Yes, I really do need to get these updated. It won't have changed a whole lot since then, though.

Submitted by Cdmcdona on May 19, 2016 - 9:59am.

I'd like to see the inventory/price graphs at the end here to go back to 2004 or so to include the "bubble/peak" of housing prices.

I can't understand why inventory is so low despite the near-record prices. If I had rental houses I'd be selling them to pocket cash that I could re-invest when the prices turn back down.

Based on the cyclical nature of the market, I have to believe that prices within the next 3-4 years will be much lower (10%-30%) than they are right now.

Unfortunately, I'm in the market to buy my first home. Horrible timing...

Submitted by Rich Toscano on May 19, 2016 - 11:14am.

Cdmcdona wrote:
I'd like to see the inventory/price graphs at the end here to go back to 2004 or so to include the "bubble/peak" of housing prices.

The bubble peak (price wise) was late 2005 so that very last graph gives you a decent idea of it.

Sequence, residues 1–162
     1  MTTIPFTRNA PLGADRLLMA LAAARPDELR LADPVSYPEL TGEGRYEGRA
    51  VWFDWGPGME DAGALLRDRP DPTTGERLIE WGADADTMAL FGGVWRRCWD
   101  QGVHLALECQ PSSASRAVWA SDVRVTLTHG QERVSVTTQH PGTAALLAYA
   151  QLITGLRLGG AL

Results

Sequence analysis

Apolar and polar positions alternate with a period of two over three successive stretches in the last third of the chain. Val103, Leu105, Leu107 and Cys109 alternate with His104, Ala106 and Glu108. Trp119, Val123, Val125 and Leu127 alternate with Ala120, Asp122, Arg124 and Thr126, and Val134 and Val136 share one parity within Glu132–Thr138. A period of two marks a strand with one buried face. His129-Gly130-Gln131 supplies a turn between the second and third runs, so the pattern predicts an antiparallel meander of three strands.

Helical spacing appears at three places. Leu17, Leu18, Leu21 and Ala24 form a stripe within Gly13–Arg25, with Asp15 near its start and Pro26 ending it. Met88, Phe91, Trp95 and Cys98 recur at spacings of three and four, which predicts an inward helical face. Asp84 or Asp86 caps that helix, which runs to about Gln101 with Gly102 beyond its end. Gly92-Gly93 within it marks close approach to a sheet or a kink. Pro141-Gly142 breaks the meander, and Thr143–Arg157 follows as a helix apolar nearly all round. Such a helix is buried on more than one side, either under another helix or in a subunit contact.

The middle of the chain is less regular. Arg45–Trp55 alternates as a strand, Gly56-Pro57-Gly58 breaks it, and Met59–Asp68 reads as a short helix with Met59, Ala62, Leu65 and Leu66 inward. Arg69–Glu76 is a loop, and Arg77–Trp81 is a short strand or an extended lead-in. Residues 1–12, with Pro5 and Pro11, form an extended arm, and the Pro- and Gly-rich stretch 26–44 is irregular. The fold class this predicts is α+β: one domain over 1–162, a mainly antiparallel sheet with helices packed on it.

Cdmcdona wrote:
I can't understand why inventory is so low despite the near-record prices. If I had rental houses I'd be selling them to pocket cash that I could re-invest when the prices turn back down.

I think it comes down to low rates. Rates are so unusually low that the monthly nut can stay pretty low even despite the unusually high purchase prices (see second graph here). Whether that remains the case or not is another question (I had some thoughts on that in this thread), but I believe that's what's going on right now.

Submitted by Cdmcdona on May 19, 2016 - 11:24am.

Yeah, I guess I'm more interested in what happened on the front side of the peak though because that's where I think we are now. Its expected that we were back to 6 months of inventory by the time we got to the peak in 11/2005 (or even just before the peak) because by that point we were experiencing negative monthly price changes. But I wonder if low inventory had much of a correlation to driving up the prices 1-2 years prior to the peak. That might give us clues to see if we're on a similar trajectory.